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The Survivors of the Chancellor

by Jules Verne



SEPTEMBER 28. - John Silas Huntly, the captain of the Chancellor, has the reputation of being a most experienced navigator of the Atlantic. He is a Scotchman by birth, a native of Dundee, and is about fifty years of age. He is of the middle height and slight build, and has a small head, which he has a habit of holding a little over his left shoulder. I do not pretend to be much of a physiognomist, but I am inclined to believe that my few hours' acquaintance with our captain has given me considerable insight into his character. That he is a good seaman and thoroughly understands his duties I could not for a moment venture to deny; but that he is a man of resolute temperament, or that he possesses the amount of courage that would render him, physically or morally, capable of coping with any great emergency, I confess I cannot believe. I observed a certain heaviness and dejection about his whole carriage. His wavering glances, the listless motion of his hands, and his slow, unsteady gait, all seem to me to indicate a weak and sluggish disposition. He does not appear as though he could be energetic enough ever to be stubborn; he never frowns, sets his teeth, or clenches his fists. There is something enigmatical about him; however, I shall study him closely, and do what I can to understand the man who, as commander of a vessel, should be to those around him "second only to God."

Unless I am greatly mistaken there is another man on board who, if circumstances should require it, would take the more prominent position - I mean the mate. I have hitherto, however, had so little opportunity of observing his character, that I must defer saying more about him at present.

Besides the captain and this mate, whose name is Robert Curtis, our crew consists of Walter, the lieutenant, the boatswain, and fourteen sailors, all English or Scotch, making eighteen altogether, a number quite sufficient for working a vessel of 900 tons burden. Up to this time my sole experience of their capabilities is, that under the command of the mate, they brought us skillfully enough through the narrow channels of Charleston; and I have no reason to doubt that they are well up to their work.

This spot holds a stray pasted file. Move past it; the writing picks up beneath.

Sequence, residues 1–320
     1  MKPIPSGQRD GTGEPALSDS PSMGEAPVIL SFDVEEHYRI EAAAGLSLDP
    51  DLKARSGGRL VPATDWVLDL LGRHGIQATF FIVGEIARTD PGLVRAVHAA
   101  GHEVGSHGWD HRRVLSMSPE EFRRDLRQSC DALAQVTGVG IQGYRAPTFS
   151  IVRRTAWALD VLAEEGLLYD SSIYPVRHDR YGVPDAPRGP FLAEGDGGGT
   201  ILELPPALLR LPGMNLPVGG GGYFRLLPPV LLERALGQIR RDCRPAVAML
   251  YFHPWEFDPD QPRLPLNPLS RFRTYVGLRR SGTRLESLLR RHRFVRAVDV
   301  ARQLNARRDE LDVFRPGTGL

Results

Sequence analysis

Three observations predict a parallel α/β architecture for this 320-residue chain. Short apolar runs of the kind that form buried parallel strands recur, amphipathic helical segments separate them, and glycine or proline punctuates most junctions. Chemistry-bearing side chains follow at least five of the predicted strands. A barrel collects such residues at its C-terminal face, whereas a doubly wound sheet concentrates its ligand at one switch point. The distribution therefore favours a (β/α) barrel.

My list of the ship's officials is incomplete unless I mention Hobart the steward and Jynxstrop the negro cook.

In addition to these, the Chancellor carries eight passengers, including myself. Hitherto, the bustle of embarkation, the arrangement of cabins, and all the variety of preparations inseparable from starting on a voyage for at least twenty or five-and-twenty days have precluded the formation of any acquaintanceships; but the monotony of the voyage, the close proximity into which we must be thrown, and the natural curiosity to know something of each other's affairs, will doubtless lead us in due time to an exchange of ideas. Two days have elapsed and I have not even seen all the passengers. Probably sea-sickness has prevented some of them from making an appearance at the common table. One thing, however, I do know; namely, that there are two ladies occupying the stern cabin, the windows of which are in the aft-board of the vessel.

I have seen the ship's list, and subjoin a list of the passengers. They are as follows:

Mr. and Mrs. Kear, Americans, of Buffalo.

Miss Herbey, a young English lady, companion to Mrs. Kear.

M. Letourneur and his son Andre, Frenchmen, of Havre.

William Falsten, a Manchester engineer.

John Ruby, a Cardiff merchant; and myself, J. R. Kazallon, of London.

Turn to the next chapter: CHAPTER III BILL OF LADING

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